November 2015 Housing Starts in Kitchener-Cambridge-Waterloo
Toronto - Housing starts in the Kitchener-Cambridge-Waterloo Census Metropolitan Area (CMA) were trending lower at 3,378 units in November compared to 3,497 units in October, according to Canada Mortgage and Housing Corporation (CMHC). The trend is a six month moving average of the monthly seasonally adjusted annual rates (SAAR)1 of housing starts.
"Total housing starts trended slightly lower due to lower single-detached and apartment starts. Townhouse starts continued to trend up and were at the highest level in more than three years. Townhouses are a more affordable option compared to single-detached homes. A tight resale market has meant more spill-over of demand to the new home ownership market, boosting demand for townhouses," said Erica McLerie, Senior Market Analyst at CMHC. "Townhouses are higher-density housing which support the goal of more homes per hectare set out in the Region of Waterloo Official Plan."
Housing starts in the Ontario region were trending at 74,287 units in November, up slightly from 73,759 units in October, according to Canada Mortgage and Housing Corporation (CMHC). The trend is a six month moving average of the monthly seasonally adjusted annual rates (SAAR)1 of housing starts.
"The Ontario residential construction trend continued to grow on the strength of semi-detached and apartment construction. The trend in single detached construction has remained relatively stable in recent months. Ontario starts have been running above levels supported by household formation rates since June suggesting recent activity is likely not sustainable. Nevertheless, rising home prices for single family homes, low rental vacancy rates and less land available for low density housing development should continue to support apartment starts in the immediate term," said Ted Tsiakopoulos, CMHC's Ontario Regional Economist.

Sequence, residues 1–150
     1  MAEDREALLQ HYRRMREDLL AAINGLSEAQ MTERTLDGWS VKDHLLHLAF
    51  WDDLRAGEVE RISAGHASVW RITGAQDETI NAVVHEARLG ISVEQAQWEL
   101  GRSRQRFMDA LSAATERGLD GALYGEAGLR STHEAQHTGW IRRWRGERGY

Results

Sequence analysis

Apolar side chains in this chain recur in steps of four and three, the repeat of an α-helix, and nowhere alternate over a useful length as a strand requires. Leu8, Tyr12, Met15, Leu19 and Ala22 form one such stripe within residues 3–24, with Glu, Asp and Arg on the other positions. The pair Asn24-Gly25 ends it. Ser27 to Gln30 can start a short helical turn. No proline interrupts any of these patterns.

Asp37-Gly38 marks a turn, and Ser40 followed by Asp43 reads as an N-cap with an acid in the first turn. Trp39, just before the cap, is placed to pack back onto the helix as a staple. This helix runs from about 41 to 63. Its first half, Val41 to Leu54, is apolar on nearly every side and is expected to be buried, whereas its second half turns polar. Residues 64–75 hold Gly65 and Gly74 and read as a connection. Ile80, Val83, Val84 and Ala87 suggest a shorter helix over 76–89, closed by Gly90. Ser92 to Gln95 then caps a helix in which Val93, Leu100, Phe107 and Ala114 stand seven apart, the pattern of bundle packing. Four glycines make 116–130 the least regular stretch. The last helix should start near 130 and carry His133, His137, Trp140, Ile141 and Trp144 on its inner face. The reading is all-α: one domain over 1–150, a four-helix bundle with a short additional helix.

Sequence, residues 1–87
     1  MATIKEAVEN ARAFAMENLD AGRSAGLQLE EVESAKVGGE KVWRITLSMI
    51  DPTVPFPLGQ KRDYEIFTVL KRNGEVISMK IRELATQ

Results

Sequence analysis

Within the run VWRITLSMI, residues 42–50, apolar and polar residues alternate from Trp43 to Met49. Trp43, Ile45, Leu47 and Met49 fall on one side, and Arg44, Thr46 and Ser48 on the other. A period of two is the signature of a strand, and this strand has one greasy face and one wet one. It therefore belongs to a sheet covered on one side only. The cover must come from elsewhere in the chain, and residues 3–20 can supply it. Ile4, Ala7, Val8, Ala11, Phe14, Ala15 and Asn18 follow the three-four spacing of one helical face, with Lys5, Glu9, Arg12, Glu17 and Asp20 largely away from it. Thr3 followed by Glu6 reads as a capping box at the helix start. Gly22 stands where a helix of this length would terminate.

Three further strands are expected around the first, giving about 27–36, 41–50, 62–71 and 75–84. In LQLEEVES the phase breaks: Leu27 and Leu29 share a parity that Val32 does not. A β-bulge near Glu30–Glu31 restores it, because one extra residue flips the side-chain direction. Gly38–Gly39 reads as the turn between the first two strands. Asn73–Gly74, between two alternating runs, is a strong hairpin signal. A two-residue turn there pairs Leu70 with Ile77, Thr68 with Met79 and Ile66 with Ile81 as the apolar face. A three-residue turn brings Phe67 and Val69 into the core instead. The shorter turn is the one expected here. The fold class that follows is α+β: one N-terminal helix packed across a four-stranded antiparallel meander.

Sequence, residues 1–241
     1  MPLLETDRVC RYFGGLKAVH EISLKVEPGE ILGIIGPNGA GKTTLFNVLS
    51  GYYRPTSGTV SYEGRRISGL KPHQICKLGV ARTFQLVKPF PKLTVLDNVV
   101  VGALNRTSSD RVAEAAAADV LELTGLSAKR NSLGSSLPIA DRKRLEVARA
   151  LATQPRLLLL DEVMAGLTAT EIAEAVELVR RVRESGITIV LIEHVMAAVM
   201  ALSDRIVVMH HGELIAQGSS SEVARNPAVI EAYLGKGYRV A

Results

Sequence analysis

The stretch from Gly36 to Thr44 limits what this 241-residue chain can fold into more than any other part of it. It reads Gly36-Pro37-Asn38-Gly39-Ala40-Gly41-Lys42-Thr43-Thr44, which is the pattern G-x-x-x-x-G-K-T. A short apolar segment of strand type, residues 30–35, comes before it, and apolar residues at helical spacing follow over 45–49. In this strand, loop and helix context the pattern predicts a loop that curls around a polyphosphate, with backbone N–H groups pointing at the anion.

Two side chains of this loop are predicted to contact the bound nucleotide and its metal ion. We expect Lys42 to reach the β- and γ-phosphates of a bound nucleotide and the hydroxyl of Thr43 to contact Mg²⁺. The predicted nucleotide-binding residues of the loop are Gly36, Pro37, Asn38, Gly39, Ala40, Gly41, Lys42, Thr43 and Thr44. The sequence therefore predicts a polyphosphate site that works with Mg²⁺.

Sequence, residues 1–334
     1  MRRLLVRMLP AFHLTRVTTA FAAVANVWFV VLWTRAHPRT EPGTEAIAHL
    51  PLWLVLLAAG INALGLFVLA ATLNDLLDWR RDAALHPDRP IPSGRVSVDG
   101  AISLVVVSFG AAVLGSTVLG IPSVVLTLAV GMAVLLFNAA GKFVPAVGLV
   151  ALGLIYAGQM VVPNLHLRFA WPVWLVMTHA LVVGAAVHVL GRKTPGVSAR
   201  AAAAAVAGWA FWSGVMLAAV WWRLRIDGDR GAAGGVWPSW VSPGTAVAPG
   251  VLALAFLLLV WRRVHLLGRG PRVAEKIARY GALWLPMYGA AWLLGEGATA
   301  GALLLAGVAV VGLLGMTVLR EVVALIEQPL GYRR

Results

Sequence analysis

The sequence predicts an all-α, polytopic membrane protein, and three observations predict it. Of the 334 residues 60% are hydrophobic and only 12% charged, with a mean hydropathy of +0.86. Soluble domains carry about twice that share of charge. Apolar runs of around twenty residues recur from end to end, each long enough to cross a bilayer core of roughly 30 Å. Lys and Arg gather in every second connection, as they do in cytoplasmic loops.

The trend measure of housing starts in Canada was 208,401 units in November compared to 206,125 in October, according to Canada Mortgage and Housing Corporation (CMHC). The trend is a six-month moving average of the monthly seasonally adjusted annual rates (SAAR) of housing starts.
"The trend in housing starts has increased for a seventh consecutive month due to the multi-unit segment," said Bob Dugan, CMHC's Chief Economist. "Rising single home prices continue to support demand for multiples, which are poised to reach the largest proportion of total urban starts since 1971. However, inventory management is necessary to make sure that these units do not remain unsold upon completion."
CMHC uses the trend measure as a complement to the monthly SAAR of housing starts to account for considerable swings in monthly estimates and obtain a more complete picture of the state of Canada's housing market. In some situations analyzing only SAAR data can be misleading, as they are largely driven by the multi-unit segment of the market which can vary significantly from one month to the next.
The standalone monthly SAAR was 211,916 units in November, up from 197,712 units in October. The SAAR of urban starts increased by 7.7 per cent in November to 195,121 units. Multi-unit urban starts increased by 13.2 per cent to 137,898 units in November and the single-detached urban starts segment decreased by 3.6 per cent to 57,223 units.
In November, the seasonally adjusted annual rate of urban starts increased in the Prairies, Ontario, and Atlantic Canada, but decreased in British Columbia and Québec.
CMHC uses the trend measure as a complement to the monthly SAAR of housing starts to account for considerable swings in monthly estimates and obtain a more complete picture of the state of the housing market. In some situations, analysing only SAAR data can be misleading in some markets, as they are largely driven by the multiples segment of the markets which can be quite variable from one month to the next. The multiples segment includes apartments, rows and semi-detached homes.
The SAAR of total housing starts was 3,414 units in November, up from 2,445 units in October. The increase in the SAAR was due to more townhouse and apartment starts. For the first eleven months of 2015, actual starts have declined by 28 per cent from the same time last year, due to fewer apartment starts. Starts for single-detached and townhouses are higher.
Preliminary Housing Starts data is also available in English and French at the following link: Preliminary Housing Starts Tables
As Canada's authority on housing, CMHC contributes to the stability of the housing market and financial system, provides support for Canadians in housing need, and offers objective housing research and information to Canadian governments, consumers and the housing industry.